- evaluating the state of water, electrical, and emergency systems; and
- deciding whether the building is suited for habitation, renovation, or demolition.
- Creating and designing buildings and structures.
- Designing renovation plans for existing buildings and structures.
- Evaluating the conditions of old buildings in order to deem them habitable or not.
- Conducting in situ inspections of constructions.
- Submitting design projects for new buildings to prospective clients.
- Maintaining old clients and contacting possible new ones.
The average Architect salary in Canada is $87,011 per year or $45 per hour. This is around 2.7 times more than the Median wage of the country. Entry level positions start at $61,000 while most experienced workers make up to $122,000. These results are based on 900 salaries extracted from job descriptions.
- Excellent interpersonal, communication, and leadership skills:
- Communicating clearly, both verbally and in writing, in order to create a clear and communicative environment with coworkers, colleagues, and clients;
- being able to lead a multidisciplinary team in achieving their established objectives;
- being able to read and write technical reports; and
- being capable of explaining complex concepts to clients in a non-technical manner.
- Creativity and a strong artistic sense, always willing to try out new ideas:
- Applying an artistic sense into designs in order to create innovative buildings and structures with personality and that could be considered works of art.
- Engineering and mathematical skills:
- Applying basic engineering concepts, complex mathematical theories, and other processes to their designs and projects in order to make them viable.
- Analytical, problem-solving, and critical-thinking skills:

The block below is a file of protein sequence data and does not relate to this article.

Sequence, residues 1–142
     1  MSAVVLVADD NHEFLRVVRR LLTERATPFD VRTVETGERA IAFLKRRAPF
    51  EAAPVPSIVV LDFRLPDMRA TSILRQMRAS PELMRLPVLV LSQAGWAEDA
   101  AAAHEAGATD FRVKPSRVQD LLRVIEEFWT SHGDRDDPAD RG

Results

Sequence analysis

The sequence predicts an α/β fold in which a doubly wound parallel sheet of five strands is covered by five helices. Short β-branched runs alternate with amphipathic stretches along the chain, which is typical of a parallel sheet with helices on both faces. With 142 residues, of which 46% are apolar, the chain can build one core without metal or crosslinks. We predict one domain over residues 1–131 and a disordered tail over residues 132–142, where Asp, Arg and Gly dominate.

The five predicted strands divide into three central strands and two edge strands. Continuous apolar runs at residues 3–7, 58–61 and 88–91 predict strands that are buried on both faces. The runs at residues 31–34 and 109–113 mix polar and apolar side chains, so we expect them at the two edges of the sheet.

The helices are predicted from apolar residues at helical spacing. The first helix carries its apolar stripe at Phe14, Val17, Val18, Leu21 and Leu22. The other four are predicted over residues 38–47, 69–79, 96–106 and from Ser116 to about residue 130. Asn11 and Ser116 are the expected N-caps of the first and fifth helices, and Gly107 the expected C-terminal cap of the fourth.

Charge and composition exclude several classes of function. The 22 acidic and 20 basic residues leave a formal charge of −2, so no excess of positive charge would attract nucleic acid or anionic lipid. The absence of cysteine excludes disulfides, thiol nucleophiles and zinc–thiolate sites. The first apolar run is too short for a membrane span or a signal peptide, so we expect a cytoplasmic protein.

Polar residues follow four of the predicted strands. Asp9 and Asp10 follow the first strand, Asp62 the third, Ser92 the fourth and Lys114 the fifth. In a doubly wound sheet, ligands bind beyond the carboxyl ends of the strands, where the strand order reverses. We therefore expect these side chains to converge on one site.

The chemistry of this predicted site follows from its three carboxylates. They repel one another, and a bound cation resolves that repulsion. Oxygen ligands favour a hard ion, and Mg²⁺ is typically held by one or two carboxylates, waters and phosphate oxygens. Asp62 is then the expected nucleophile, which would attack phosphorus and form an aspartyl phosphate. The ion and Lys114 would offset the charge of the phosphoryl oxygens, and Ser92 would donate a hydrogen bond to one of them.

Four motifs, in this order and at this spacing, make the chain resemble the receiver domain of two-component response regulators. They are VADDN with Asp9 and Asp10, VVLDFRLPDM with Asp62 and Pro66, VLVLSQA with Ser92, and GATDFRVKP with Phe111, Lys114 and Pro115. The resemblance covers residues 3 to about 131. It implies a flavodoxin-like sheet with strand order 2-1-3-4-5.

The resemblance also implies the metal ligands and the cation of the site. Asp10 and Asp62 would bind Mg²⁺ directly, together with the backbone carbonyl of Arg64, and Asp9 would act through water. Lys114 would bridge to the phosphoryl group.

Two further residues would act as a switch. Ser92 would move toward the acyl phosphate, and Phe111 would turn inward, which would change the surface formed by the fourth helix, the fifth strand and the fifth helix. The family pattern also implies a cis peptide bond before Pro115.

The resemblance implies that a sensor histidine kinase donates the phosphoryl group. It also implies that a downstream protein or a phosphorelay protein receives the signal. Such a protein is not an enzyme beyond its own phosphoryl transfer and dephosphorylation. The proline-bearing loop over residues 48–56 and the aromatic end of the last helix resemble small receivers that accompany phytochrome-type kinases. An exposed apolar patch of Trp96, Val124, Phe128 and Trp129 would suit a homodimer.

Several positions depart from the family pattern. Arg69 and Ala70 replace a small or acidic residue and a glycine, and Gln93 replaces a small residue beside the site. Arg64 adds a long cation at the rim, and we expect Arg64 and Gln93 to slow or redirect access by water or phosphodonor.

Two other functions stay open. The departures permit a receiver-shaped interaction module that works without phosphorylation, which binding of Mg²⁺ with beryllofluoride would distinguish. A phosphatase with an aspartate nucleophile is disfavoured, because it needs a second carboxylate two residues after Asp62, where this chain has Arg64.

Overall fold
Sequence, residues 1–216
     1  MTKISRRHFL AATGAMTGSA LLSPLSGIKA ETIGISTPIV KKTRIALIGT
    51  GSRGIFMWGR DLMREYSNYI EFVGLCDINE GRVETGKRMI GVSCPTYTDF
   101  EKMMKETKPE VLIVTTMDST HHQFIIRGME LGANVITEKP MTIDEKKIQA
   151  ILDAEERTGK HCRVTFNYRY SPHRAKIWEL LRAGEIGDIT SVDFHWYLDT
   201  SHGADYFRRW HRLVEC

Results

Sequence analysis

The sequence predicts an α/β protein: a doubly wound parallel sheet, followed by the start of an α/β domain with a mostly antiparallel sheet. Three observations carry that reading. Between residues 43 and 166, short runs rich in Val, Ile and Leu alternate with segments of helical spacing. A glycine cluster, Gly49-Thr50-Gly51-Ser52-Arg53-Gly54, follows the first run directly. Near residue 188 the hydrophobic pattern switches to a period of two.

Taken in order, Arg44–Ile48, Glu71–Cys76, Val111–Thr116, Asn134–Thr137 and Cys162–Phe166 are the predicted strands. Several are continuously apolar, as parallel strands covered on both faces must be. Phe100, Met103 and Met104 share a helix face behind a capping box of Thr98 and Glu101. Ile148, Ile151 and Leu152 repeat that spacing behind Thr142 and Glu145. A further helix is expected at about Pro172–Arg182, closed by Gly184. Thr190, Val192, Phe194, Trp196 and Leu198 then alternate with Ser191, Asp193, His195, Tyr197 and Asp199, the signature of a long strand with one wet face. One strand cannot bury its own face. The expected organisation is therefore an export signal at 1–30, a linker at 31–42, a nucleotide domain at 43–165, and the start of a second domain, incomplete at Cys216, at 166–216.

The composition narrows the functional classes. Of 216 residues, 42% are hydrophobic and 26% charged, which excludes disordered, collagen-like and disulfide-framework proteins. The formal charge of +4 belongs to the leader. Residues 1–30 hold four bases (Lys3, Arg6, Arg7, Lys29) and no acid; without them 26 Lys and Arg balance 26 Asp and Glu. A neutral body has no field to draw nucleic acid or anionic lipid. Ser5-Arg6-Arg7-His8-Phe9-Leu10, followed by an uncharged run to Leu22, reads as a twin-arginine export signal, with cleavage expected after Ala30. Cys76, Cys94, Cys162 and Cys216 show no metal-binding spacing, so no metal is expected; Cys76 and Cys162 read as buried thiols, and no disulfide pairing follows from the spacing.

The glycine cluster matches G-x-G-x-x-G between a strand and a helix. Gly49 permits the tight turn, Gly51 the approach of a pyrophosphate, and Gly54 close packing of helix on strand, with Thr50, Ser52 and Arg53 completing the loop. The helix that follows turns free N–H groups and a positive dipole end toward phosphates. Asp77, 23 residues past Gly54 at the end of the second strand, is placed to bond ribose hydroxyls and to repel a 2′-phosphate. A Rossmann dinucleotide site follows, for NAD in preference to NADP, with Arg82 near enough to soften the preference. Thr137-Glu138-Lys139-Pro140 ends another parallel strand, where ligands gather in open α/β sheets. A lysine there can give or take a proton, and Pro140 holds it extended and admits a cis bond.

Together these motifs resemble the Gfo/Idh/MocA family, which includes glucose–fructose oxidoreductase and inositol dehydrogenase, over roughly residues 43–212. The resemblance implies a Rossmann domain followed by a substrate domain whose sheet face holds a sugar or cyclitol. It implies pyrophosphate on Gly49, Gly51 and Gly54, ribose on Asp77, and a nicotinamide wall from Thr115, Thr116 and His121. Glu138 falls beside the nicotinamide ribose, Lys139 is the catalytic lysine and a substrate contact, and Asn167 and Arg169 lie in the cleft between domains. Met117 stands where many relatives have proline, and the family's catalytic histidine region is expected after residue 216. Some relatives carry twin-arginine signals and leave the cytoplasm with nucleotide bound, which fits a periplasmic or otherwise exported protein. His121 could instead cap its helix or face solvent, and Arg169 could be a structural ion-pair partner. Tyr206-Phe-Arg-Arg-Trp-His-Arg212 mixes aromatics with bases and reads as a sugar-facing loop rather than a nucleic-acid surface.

- Identifying issues and resolving problems in a timely manner using critical thinking and good judgment; and
- being capable of working in intricate projects that require the incorporation of many variables, great attention to details, and quick problem solving abilities.
- Outstanding decision-making skills in order to determine a project’s viability, taking into account all financial costs and safety concerns.
- Organizational and time management skills, great attention to detail:
- Avoiding disorganization in the workplace and construction sites that can lead to legal problems, damage to equipment, and potential accidents;
- being able to work independently and as part of a team in a fast-paced environment;
- being precise and accurate in their calculations and designs; and
- being able to prioritize tasks and responsibilities accordingly.
The minimum educational requirement to work as an Architect is having a bachelor’s degree from an accredited college, university, or Architecture School that follows the study plan of the Royal Architectural Institute of Canada (RAIC). The RAIC is an institution dedicated to standardizing the education and quality of work of all Architects in Canada. Many schools and institutes require students to participate in internship programs under the supervision of an accredited Architect in order to graduate. This is usually the best way for aspirants to obtain the necessary practice they need for applying to a job since most employers usually require at least 3 years of experience.
For higher ranking jobs, however, Architects are usually required to have taken further studies. A master’s degree in any specialization of Architecture (e.g. Landscaping, Restoration, or Interior Planning) is sure to open up promotion opportunities for Architects looking to climb the career ladder.
It should be noted that once licensed, Architects may only practice in the province or territory where they obtained their licence. They are also required to be registered in their respective Association of Architects. Further certifications required by some employers may include the Leadership in Energy and Environmental Design (LEED), following environmental and ecological approaches taken by many businesses.